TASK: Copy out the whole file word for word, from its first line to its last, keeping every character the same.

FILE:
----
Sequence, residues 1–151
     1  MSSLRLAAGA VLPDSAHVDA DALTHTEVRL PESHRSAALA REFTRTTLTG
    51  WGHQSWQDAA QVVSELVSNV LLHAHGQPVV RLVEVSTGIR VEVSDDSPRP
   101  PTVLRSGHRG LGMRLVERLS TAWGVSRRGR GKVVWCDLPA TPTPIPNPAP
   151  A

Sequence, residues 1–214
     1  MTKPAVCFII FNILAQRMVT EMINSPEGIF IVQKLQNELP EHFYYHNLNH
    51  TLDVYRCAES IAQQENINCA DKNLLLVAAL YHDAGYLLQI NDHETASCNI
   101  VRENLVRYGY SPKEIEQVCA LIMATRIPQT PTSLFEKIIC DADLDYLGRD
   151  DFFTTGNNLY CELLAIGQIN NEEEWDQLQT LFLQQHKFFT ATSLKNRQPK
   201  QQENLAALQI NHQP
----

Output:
Sequence, residues 1–151
     1  MSSLRLAAGA VLPDSAHVDA DALTHTEVRL PESHRSAALA REFTRTTLTG
    51  WGHQSWQDAA QVVSELVSNV LLHAHGQPVV RLVEVSTGIR VEVSDDSPRP
   101  PTVLRSGHRG LGMRLVERLS TAWGVSRRGR GKVVWCDLPA TPTPIPNPAP
   151  A

Sequence, residues 1–214
     1  MTKPAVCFII FNILAQRMVT EMINSPEGIF IVQKLQNELP EHFYYHNLNH
    51  TLDVYRCAES IAQQENINCA DKNLLLVAAL YHDAGYLLQI NDHETASCNI
   101  VRENLVRYGY SPKEIEQVCA LIMATRIPQT PTSLFEKIIC DADLDYLGRD
   151  DFFTTGNNLY CELLAIGQIN NEEEWDQLQT LFLQQHKFFT ATSLKNRQPK
   201  QQENLAALQI NHQP